A tax system that relies on attempting to identify where profits are earned invites companies to adjust their activities to make those profits appear in countries with low tax rates or, better yet (for them), no country at all. The same approach encourages countries to lower their tax rates, to encourage companies to locate profits there, rather than in other countries. 

We can largely eliminate the incentives for countries to compete over lowering their corporate tax rates, and the ability of companies to decide where (and where not) to report their income, by levying tax on profit where customers are located. This is how the value added tax (VAT) works, and the VAT has proved to be a resilient source of government revenue around the world, not subject to the pressure of tax competition. This “destination-based” approach works just as well for corporate income taxes, which served to motivate its inclusion in the 2016 “Blueprint” proposal of the US Ways and Means Committee under Paul Ryan and Kevin Brady. Unfortunately, the 2017 Tax Cuts and Jobs Act took just baby steps in this direction. 

Even less ambitious reforms that allocate only part of a multinational’s profits to the customer location – as also laid out in our forthcoming Oxford University Press book with several other collaborators – would represent a major advance. The guiding principle is not that profits are “earned” in the location of customers – for where they are earned is a meaningless concept – but rather that a fair and robust tax system should depend on something that is more easily observed by tax authorities, and more difficult to manipulate by companies. To tax companies in a fair and sustainable manner, we must move in this direction, rather than trying to patch up the existing system, or – like the EC - trying to come up with creative new methods of preventing the system’s natural outcome.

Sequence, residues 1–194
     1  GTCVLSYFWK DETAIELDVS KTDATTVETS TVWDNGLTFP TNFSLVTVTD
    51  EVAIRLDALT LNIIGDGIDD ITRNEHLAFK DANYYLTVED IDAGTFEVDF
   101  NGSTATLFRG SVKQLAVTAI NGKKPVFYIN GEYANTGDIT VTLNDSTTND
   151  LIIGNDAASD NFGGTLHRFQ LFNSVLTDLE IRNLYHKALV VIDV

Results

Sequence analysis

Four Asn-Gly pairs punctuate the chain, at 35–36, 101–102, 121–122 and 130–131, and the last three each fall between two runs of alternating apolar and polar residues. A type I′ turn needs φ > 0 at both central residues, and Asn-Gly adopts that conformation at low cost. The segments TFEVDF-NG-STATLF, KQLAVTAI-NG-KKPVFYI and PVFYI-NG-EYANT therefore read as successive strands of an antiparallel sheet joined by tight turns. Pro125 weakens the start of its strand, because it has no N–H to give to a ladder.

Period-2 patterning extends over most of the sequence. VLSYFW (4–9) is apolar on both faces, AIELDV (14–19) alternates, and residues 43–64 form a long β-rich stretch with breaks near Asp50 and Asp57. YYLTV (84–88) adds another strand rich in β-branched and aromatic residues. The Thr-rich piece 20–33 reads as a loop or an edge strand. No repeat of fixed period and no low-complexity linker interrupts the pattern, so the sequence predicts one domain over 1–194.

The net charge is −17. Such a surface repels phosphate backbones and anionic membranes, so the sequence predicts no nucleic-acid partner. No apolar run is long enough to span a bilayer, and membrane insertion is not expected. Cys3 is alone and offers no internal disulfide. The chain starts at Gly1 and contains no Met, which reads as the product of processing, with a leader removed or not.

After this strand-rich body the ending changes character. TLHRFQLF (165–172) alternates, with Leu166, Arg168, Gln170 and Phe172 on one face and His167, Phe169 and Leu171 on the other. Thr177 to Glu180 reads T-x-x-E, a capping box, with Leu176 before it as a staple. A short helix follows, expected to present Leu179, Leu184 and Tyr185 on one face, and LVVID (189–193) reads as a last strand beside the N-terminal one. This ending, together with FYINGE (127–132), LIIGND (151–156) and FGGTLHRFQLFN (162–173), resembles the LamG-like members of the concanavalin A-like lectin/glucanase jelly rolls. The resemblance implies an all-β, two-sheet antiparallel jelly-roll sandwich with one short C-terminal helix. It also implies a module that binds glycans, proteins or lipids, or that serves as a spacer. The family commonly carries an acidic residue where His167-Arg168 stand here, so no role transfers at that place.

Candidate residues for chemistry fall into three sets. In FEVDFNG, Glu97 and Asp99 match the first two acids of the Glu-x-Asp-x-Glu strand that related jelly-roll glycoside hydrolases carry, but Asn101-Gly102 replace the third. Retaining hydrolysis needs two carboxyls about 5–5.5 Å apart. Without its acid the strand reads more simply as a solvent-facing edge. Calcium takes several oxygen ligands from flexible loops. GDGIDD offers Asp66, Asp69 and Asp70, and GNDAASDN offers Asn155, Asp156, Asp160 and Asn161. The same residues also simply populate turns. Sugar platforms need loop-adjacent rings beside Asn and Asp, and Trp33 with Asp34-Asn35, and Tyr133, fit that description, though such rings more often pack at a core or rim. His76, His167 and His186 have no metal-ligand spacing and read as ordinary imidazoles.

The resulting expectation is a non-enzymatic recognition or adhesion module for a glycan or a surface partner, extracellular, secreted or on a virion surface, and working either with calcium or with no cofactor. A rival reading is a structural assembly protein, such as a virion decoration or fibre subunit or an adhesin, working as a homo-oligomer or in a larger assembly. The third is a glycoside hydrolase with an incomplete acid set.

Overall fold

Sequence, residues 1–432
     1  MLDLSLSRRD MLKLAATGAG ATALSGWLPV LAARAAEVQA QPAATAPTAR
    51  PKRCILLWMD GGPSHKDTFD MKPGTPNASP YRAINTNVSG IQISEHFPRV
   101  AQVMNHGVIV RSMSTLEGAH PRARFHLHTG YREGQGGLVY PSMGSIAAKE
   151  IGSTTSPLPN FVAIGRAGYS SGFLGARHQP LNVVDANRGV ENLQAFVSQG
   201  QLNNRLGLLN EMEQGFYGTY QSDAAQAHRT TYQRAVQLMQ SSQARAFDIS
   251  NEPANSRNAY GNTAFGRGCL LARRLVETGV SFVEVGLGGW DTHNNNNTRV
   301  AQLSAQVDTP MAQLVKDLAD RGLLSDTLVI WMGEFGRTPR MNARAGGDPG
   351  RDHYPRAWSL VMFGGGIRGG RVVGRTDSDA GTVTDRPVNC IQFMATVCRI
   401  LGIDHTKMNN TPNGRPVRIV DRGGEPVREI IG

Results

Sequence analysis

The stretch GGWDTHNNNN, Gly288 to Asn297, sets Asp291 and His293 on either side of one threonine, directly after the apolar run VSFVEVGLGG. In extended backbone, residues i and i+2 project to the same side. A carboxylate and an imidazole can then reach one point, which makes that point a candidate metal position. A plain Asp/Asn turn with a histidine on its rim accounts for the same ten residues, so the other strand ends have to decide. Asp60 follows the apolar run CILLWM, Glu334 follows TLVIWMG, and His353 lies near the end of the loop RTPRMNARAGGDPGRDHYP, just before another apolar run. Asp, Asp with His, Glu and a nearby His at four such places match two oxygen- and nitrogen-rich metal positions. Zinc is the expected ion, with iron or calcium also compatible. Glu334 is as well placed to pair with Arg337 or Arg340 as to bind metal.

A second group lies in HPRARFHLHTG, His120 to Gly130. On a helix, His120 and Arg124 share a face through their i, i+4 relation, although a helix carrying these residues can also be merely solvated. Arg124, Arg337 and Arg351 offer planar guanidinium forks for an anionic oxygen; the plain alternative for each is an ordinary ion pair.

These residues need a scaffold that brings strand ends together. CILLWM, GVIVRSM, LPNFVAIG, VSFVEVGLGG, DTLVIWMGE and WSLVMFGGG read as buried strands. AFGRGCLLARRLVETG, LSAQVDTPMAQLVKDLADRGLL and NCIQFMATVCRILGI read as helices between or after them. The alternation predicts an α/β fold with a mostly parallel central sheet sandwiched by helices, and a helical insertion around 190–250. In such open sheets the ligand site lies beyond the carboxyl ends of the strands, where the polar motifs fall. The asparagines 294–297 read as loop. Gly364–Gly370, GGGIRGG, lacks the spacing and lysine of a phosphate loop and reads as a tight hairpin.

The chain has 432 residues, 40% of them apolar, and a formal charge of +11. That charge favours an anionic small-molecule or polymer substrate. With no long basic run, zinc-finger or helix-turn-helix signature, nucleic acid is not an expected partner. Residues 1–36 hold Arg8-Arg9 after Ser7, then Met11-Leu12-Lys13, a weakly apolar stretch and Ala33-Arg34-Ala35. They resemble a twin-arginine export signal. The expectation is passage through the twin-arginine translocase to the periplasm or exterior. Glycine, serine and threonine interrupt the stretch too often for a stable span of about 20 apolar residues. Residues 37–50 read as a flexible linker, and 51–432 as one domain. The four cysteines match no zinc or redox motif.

Alan J. Auerbach is the Robert D. Burch Professor of Economics and Law and Director of the Burch Center for Tax Policy and Public Finance at the University of California, Berkeley.  

Michael Devereux is Director of the Oxford University Centre for Business Taxation and Professor of Business Taxation and Associate Dean for Faculty at the Saïd Business School, University of Oxford.  


Recent relevant research from the Centre for Business Taxation: 

Devereux, Michael P., Alan J. Auerbach, Michael Keen, Paul Oosterhuis, Wolfgang Schon and John Vella “Taxing Profit in a Global Economy”, forthcoming. 

Auerbach, Alan J., Michael P. Devereux, Michael J. Keen, and John Vella, “Destination-based Cash Flow Taxation”, Centre for Business Taxation Working Paper 17/01, 2017. 

Devereux, Michael P., Alan J. Auerbach, Michael Keen, Paul Oosterhuis, Wolfgang Schön and John Vella, “Residual Profit Allocation by Income”, Centre for Business Taxation Working Paper 19/01, 2019.